[FOM] methodological thesis

Mitch Harris maharri at gmail.com
Thu May 1 15:35:56 EDT 2008

On Wed, Apr 30, 2008 at 1:23 AM, Rupert McCallum
<rupertmccallum at yahoo.com> wrote:
>  --- Harvey Friedman <friedman at math.ohio-state.edu> wrote:
>  > I would like to discuss a methodological issue related to philosophy.
>  >
>  > THESIS. Suppose that a philosophical paper P, in any part of
>  > philosophy, consisting of informal prose, without new formalisms or
>  > new theorems or new formal conjectures, represents intellectual
>  > progress. Then there exists a paper Q with the following properties.
>  > 1. Q focuses on associated new formal definitions, new formalisms,
>  > new
>  > formal conjectures, and new theorems.
>  > 2. Q has a relatively small amount of informal prose.
>  > 3. Q can be written using the current level of practice in formal
>  > methods and foundational thinking.
>  > 4. P is fully subsumed by Q.
>  >
>  > The challenge to me would be to subsume the proposed P paper into the
>  > subsuming Q paper.
>  You say "any part of philosophy", so that gets me thinking about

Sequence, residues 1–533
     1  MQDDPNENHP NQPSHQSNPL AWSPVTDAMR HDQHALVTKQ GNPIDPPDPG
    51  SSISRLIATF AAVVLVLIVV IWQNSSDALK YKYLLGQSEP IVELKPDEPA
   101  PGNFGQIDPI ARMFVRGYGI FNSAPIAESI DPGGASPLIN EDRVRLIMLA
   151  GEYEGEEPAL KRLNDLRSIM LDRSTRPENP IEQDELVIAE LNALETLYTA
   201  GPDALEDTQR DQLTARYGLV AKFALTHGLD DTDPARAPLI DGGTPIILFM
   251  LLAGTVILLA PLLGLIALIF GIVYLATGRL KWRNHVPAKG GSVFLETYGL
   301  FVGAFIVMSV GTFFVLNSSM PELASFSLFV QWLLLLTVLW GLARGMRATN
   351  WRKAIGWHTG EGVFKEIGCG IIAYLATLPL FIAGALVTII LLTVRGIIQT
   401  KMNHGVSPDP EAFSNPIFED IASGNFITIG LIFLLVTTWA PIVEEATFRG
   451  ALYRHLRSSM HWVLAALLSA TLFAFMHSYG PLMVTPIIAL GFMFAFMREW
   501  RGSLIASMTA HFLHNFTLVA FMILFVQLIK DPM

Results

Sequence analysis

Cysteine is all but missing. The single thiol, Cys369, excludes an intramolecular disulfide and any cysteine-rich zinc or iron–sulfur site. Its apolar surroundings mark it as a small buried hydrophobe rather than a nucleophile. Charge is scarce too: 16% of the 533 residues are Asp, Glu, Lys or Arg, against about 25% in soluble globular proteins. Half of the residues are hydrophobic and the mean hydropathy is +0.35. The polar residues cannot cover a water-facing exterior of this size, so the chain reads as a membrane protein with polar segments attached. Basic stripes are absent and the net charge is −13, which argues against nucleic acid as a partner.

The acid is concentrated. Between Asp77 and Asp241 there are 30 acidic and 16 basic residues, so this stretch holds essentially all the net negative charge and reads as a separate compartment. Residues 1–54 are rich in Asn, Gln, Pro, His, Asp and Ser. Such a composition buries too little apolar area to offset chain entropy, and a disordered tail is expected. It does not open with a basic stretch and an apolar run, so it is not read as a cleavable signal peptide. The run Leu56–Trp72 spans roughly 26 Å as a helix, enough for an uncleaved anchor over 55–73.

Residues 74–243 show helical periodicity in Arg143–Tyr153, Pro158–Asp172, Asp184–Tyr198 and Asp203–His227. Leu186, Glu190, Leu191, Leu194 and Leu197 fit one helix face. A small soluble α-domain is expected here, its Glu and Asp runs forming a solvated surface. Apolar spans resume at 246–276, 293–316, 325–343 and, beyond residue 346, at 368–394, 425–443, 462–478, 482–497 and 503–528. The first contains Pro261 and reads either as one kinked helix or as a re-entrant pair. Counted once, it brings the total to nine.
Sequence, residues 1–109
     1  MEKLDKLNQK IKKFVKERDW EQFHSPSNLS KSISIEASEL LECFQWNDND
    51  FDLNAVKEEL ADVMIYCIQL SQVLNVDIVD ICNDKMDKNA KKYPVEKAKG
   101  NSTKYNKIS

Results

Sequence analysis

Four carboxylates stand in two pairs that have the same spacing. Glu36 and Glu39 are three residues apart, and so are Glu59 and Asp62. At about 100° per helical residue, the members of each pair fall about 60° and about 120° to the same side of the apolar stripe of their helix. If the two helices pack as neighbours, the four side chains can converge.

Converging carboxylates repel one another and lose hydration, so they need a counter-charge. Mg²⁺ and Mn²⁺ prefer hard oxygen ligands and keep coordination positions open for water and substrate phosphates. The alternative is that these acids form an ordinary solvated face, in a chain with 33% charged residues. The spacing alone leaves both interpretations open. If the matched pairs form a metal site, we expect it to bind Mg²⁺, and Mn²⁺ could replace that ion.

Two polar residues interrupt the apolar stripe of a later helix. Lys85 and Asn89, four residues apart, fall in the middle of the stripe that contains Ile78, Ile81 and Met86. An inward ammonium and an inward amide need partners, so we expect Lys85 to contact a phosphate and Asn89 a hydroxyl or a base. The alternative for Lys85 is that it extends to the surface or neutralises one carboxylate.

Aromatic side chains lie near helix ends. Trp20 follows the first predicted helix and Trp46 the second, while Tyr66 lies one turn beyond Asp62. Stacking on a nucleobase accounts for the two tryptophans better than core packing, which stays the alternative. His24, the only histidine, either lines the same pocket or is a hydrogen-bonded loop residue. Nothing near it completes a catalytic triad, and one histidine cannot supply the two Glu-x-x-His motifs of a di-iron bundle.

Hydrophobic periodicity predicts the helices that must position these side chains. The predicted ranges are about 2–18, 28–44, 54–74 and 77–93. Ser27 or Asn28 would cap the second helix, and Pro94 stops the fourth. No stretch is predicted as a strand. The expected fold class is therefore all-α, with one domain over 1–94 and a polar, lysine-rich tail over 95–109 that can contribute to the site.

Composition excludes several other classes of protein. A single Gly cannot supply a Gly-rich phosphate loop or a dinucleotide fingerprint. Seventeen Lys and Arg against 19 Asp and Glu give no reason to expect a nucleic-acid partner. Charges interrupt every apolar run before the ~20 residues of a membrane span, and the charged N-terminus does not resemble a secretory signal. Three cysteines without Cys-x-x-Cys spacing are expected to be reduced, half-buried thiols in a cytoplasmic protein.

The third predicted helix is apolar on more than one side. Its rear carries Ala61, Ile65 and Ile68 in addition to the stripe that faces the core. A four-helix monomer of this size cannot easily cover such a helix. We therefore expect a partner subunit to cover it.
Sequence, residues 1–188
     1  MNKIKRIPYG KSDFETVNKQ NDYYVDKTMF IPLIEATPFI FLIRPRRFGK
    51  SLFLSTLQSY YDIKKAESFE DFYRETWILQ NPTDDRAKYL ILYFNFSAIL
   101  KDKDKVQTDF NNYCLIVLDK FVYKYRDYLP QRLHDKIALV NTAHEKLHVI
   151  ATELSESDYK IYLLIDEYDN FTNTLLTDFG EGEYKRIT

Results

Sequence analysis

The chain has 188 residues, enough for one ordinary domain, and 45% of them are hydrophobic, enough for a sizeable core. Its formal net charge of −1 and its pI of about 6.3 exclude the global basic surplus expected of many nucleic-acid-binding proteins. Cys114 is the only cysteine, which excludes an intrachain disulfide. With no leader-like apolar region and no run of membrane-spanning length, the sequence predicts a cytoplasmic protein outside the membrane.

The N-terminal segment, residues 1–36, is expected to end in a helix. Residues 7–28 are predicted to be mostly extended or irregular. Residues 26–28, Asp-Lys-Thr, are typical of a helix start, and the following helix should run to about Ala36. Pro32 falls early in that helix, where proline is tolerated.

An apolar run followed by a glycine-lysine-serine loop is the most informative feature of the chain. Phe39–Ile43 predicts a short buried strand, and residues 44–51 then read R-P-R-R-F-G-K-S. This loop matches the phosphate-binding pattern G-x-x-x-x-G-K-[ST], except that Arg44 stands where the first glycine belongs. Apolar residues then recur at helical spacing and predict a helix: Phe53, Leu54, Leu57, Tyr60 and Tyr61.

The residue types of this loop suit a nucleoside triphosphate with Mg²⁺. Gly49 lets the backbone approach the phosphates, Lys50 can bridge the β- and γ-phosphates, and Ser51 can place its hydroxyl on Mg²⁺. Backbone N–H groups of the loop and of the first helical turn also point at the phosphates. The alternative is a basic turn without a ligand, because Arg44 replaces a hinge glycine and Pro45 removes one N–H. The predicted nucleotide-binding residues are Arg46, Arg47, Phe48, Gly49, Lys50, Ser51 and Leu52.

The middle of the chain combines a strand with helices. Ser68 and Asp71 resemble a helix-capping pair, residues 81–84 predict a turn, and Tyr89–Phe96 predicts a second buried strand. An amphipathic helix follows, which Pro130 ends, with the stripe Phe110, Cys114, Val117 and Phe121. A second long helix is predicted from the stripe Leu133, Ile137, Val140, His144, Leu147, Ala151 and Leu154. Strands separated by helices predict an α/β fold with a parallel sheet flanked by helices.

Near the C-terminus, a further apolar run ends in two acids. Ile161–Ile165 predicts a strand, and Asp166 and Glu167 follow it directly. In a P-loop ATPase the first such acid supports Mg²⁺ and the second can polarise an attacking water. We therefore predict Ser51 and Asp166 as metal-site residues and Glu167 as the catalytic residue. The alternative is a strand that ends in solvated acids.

>  examples in normative ethics.
> But doing a subsuming Q paper; well, I'd be interested in what that would look like.

An example: Spinoza's Ontology, by Jan Hladik


Abstract. We examine the possibility of applying knowledge represen-
tation and automated reasoning in the context of philosophical ontology.
For this purpose, we use the axioms and propositions in the first book
of Spinoza's Ethics as knowledge base and a tableau-based satisfiability
tester as reasoner. We are able to reconstruct most of Spinoza's system
with formal logic, but this requires additional axioms which are assumed
implicitly by Spinoza. This study illustrates how tools developed in com-
puter science can be of practical use for philosophy.

Mitch Harris

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